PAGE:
It seems that now I’ve started blogging more, I can’t stop. And since I’ve just read a book I really enjoyed, for a number of reasons, I feel the need to share this with you.
It’s no shock to anyone that I’m a big Disney parks fan, and anyone who’s ever asked knows my favourite park is Epcot. Since I first visited a mere two years after it opened, it’s always been the park I’ve looked forward to the most. Being a bit techy, a bit foodie, a bit of a traveller, a bit of a geek, it’s the best possible theme park in the world (or World) for me. And knowing that it started life intending to be the model of a future city is just insanely appealing. But I’m an Epcot fan, not an Epcot history buff; I live too far away and visit, by financial necessity, too infrequently to spot every update or track every plan for the space.
Pedersen, a former Unofficial Guide researcher, has taken all that insane appeal and married it to an Epcot (and EPCOT Center) geekery that is truly admirable and a little scary – in a good way. This is not a guide book but a history; it describes the evolution of every single attraction in the park, from Mission: SPACE to the Mexico pavillion and back again. Drawing on planning permits, information released by Imagineers, decades of Walt Disney World promotional literature and much more, it balances scene-by-scene detail with little forays into fun fact territory.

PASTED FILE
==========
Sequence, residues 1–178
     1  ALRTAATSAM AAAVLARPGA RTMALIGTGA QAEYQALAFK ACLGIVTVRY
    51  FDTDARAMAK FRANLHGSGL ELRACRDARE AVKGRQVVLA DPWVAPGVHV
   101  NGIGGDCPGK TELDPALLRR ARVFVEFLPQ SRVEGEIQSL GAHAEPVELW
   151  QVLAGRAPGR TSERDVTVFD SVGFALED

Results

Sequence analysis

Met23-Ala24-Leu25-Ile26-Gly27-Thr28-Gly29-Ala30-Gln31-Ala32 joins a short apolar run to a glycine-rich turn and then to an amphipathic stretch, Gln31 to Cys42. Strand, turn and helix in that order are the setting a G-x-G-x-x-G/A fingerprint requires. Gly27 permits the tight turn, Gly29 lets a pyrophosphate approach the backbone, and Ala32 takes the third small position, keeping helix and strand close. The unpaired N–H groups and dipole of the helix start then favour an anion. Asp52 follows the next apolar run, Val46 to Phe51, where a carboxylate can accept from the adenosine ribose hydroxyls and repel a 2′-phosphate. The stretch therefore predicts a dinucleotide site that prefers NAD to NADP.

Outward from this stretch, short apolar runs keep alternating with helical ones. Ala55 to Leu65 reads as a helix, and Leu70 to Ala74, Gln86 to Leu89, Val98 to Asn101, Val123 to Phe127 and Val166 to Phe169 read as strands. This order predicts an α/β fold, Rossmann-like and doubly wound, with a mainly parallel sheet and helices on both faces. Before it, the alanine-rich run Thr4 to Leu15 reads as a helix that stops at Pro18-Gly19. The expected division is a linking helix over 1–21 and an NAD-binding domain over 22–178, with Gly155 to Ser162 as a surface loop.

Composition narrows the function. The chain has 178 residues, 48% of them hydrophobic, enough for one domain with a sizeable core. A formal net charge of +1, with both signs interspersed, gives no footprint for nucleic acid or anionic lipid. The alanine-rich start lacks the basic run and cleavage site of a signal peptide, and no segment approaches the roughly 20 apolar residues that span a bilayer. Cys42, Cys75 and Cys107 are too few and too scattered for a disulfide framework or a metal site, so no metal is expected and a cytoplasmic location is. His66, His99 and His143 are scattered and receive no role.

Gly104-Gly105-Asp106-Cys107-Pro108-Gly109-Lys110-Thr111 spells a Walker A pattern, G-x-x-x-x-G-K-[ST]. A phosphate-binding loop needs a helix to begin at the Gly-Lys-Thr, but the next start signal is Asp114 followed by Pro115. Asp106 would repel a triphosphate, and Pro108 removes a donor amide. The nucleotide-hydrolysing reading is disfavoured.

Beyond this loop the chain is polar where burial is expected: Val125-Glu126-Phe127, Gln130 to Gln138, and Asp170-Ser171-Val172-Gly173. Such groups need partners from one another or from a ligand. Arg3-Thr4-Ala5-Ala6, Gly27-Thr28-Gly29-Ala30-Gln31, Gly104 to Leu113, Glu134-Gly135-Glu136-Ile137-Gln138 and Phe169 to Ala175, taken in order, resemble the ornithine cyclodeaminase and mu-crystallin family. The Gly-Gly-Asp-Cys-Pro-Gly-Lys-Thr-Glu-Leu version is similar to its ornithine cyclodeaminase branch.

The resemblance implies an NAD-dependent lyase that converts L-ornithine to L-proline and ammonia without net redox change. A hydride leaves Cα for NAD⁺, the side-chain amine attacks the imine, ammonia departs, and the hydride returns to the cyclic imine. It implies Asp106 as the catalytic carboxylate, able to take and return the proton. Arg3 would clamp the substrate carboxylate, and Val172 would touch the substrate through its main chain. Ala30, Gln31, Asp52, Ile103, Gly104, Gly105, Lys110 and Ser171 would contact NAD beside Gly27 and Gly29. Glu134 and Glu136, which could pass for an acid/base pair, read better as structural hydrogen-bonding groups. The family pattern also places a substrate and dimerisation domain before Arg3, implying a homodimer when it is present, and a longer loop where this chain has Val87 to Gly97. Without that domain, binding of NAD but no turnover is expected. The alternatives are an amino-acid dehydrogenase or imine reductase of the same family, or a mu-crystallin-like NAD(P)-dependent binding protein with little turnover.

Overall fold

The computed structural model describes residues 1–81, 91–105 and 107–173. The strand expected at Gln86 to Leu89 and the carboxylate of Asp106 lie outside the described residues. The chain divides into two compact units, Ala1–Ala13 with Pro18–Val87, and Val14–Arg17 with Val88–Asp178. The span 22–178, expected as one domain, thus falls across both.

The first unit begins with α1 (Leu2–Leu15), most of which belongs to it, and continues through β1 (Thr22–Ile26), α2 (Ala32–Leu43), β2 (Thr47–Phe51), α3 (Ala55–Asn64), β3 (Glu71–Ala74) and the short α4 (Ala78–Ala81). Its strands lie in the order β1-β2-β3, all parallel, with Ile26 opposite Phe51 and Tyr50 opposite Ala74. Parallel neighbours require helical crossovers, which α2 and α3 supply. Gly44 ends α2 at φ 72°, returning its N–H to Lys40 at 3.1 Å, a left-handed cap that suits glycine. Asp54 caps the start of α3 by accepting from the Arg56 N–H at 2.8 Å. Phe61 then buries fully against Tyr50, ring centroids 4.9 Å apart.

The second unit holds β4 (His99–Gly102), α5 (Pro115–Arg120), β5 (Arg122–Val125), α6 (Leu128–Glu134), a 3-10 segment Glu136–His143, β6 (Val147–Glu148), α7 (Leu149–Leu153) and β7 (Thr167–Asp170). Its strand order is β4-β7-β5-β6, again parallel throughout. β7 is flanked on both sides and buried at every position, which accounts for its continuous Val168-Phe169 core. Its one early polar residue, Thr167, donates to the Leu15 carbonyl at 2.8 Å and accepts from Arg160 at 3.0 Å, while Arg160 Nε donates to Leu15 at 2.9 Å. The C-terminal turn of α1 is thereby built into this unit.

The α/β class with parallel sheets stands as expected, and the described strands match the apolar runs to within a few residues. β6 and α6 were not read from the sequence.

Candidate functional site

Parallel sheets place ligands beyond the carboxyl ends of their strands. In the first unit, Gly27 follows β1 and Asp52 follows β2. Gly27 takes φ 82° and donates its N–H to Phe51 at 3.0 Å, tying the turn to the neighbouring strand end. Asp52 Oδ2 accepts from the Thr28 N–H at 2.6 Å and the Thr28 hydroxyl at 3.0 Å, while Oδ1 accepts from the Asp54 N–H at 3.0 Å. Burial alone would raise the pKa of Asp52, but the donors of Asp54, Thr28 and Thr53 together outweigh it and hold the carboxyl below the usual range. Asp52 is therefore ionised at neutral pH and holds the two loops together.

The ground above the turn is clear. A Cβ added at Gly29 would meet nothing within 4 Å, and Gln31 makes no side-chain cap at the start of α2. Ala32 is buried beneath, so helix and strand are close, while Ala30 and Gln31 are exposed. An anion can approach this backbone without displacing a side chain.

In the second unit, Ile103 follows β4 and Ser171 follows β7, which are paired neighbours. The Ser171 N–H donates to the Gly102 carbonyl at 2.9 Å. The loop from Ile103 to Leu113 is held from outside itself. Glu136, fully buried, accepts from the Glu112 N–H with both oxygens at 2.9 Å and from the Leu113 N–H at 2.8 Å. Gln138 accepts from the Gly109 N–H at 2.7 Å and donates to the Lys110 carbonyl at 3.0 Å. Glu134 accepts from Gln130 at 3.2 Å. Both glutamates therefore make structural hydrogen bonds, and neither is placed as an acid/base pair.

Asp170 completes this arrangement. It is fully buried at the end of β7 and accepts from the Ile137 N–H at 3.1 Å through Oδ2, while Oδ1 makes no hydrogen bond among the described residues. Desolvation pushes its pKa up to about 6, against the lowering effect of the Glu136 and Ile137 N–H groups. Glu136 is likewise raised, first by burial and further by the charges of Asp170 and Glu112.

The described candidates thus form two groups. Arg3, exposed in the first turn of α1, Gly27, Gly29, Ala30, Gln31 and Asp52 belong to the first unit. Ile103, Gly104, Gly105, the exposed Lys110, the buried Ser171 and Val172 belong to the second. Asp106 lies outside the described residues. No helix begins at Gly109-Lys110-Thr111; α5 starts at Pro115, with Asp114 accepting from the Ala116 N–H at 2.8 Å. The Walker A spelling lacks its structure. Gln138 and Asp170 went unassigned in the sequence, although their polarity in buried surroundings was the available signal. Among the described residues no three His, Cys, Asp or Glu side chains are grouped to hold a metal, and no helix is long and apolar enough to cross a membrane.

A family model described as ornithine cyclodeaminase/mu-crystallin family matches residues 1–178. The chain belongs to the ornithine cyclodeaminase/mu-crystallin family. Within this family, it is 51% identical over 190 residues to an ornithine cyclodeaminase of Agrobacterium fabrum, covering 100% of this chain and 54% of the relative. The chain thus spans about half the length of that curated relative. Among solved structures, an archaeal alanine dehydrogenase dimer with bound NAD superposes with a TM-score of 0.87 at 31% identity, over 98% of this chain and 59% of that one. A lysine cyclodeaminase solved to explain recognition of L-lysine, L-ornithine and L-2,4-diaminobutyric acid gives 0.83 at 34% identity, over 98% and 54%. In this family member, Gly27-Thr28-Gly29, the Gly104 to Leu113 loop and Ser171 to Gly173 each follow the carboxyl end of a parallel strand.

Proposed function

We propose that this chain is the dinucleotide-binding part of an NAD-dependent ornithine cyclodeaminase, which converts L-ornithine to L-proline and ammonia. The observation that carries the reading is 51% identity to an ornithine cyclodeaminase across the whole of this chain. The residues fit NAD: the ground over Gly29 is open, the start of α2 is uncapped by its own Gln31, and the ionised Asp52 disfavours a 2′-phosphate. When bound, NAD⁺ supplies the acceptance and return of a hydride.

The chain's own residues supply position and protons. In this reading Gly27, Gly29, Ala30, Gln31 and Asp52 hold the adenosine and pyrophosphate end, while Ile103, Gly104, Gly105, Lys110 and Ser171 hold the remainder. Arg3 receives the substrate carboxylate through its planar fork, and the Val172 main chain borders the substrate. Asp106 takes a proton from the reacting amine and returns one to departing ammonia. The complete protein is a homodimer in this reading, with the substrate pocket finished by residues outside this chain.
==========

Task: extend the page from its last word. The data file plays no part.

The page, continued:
Picking apart an attraction might sound negative, but it’s actually fascinating. Far from destroying the magic, it heightens it; in the case of lost and lamented Horizons, it’s practically the only way those of us who can’t make it to a WED Convention might hope to relive it and share it with those who never got a chance to experience it. The encyclopaedia* layout also means it’s easy to skip over parts that are less personally interesting; I admit the development of Innoventions etc. is not half as interesting to me as the growth of the World Showcase pavillions, so I more-or-less skim read the list of stalls and stands.
I was not tempted to skim elsewhere, however, because the writing style is full of wit, lightheartedness, self-awareness and passion. It made me laugh out loud a couple of times, and smirk a few times more. It could do with a little tidying because annoying language fascists like me might be a little distracted by the odd typo, but given the overall eloquence I feel I’m nitpicking. (Now you know how much I liked it; when have I ever been that laissez-faire about language before?!)
Really my only criticism is that there isn’t more of it. The abrupt ending after the last bit of World Showcase miscellany has been thrown in made me feel a little bereft, especially as there was an engaging introduction. Admittedly I’m unsure what else there was to cover, but I was sorry to see it end and somehow wasn’t expecting it. Perhaps that’s the curse of the Kindle.
The UK edition is currently available from Amazon for Kindle, but a paper copy is forthcoming. You can also follow the author, @EPCOTNRG, on Twitter and visit his website, devoted to the ‘flora, fauna and fun of the world’s greatest theme park’.
*US spelling in the title, UK spelling in the review. So there.